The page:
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Old 08-03-2013, 11:55 AM
tjts1 tjts1 is online now
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Quote:
Originally Posted by Diesel911 View Post
Is that on the Sticker at the Pump?

If it is 53 Cetane I am curious why the Power Service Diesel Kleen has an effect of raising the Cetane.
There is a clear difference in the amount of smoke on the Volvo Diesel and when used in the Mercedes and the Engine is running but still cold it is not as noisy with the Power Service.
So the stuff must be having some effect.

"California diesel fuel has a minimum cetane of 53" from Wikiepedia. http://www.arb.ca.gov/enf/fuels/dieselspecs.pdf
I don't know what's going on with your VW powered Volvo, I'm not familiar with that engine. I've only owned redblocks and white blocks.

Federal and state law does not require a cetane rating be posted on diesel fuel pumps. That doesn't change the fact that CARB specifies minimum 53 cetane and maximum 520 micron lubricity rating, as your link points out. The latest test data I've seen from CARB said on average fuel sampled in the state was 55.8 cetane.
http://www.arb.ca.gov/fuels/lcfs/20130731arbwaterboardjointstatementrd.pdf

For better or worse, CARB strictly enforces the quality of all fuels sold in the state. Since CARB is free to make its own rule about fuels sold in the state, CA is essentially an island when it comes to refined fuels and it makes everything more expensive, especially gasoline.

Chevron Pays CARB Fine | Transport Topics Online | Trucking, Freight Transportation and Logistics News
Quote:
Petroleum supplier Chevron U.S.A. paid a $422,500 fine to the California Air Resources Board for supplying gasoline and diesel fuel that CARB said violated California air quality regulations.

Chevron agreed to pay the penalties as part of three separate settlements it reached with the California regulatory board, according to a CARB release.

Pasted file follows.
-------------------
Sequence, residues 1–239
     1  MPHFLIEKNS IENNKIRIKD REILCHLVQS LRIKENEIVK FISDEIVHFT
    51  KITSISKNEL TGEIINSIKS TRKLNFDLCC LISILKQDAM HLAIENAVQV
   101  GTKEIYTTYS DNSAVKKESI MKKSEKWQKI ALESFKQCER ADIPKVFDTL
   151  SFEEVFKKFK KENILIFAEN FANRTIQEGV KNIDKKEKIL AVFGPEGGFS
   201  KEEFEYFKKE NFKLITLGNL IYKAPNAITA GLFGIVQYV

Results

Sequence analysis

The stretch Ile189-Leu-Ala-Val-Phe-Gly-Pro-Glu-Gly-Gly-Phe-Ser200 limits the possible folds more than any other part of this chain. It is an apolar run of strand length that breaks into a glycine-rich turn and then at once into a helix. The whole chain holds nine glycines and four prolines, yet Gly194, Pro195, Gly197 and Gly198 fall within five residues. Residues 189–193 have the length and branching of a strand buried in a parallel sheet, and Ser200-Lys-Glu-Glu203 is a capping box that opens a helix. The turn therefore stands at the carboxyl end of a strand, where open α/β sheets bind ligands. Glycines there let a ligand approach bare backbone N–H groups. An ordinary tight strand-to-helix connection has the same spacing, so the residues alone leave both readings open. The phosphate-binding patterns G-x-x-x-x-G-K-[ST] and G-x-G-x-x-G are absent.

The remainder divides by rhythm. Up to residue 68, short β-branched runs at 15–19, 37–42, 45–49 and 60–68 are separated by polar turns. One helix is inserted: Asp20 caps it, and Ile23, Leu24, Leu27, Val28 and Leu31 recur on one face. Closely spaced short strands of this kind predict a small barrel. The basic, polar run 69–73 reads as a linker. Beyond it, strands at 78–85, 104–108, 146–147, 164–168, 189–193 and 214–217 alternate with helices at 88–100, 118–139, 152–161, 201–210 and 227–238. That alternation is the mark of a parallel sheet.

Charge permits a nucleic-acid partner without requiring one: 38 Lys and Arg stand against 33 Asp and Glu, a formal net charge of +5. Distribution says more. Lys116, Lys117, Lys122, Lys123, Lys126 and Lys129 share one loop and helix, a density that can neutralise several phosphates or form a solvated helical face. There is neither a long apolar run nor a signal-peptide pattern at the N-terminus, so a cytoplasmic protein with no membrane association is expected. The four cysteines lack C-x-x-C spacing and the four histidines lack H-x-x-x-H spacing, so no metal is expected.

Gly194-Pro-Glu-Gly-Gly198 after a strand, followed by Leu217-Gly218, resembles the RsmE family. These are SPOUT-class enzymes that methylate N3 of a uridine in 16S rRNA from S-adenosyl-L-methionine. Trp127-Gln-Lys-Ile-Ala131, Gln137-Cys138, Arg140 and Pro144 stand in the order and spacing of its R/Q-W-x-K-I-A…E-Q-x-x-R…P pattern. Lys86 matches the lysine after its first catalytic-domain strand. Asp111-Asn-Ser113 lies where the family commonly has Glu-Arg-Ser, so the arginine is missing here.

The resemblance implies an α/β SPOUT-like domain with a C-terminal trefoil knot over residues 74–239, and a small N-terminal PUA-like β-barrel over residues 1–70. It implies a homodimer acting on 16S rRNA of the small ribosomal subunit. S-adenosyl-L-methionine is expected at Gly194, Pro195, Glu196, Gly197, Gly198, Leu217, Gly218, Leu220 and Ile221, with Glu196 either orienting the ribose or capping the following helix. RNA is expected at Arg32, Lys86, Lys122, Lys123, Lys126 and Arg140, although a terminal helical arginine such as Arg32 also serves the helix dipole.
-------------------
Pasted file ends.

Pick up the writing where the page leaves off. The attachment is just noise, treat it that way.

In all, 15.9 million gallons of fuel were found to be violation of state regulations. In two cases, Chevron disclosed the violations. In the third, CARB enforcement staff discovered the violation as a result of routine fuel sampling.

Specifically, Chevron paid $205,000 for supplying more than 385,000 gallons of gasoline between mid-June 2009 and Aug. 1, 2009 that did not contain adequate amounts of ethanol to meet state regulations, CARB said.

Chevron also paid $192,500 for supplying more than 15.5 million gallons of gasoline that contained olefin levels that exceeded required specifications. Higher levels of olefin contribute to higher levels of more smog, CARB said.

Chevron also paid $25,000 in penalties for supplying and selling more than 36,000 gallons of diesel fuel in 2009 that did not meet a required minimum cetane number. The cetane number indicates the combustion quality of a diesel fuel, and how likely it is to create excess hydrocarbon emissions, CARB said.
Since CARB diesel cetane is already very high, the only thing to worry about in this state is lubricity. BOSCH pointed this out in this presentation to CARB in 2003. Bosch was pushing to include a 460 micron lubricity standard to the upcoming ULSD CARB rules but they lost that battle.
http://www.arb.ca.gov/fuels/gasoline/meeting/2003/022003bosch.pdf
Quote:
Originally Posted by toomany MBZ View Post
Myself as well, but 4 oz per ten gallons.

The cetane rating around here is 40.
Feredal law requires that all ULSD sold in the US since 2006 is either minimum 47 or 48 cetane depending on which refinery it came from. 40 cetane fuel hasn't been sold in this country for almost a decade.
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Last edited by tjts1; 08-03-2013 at 05:19 PM.
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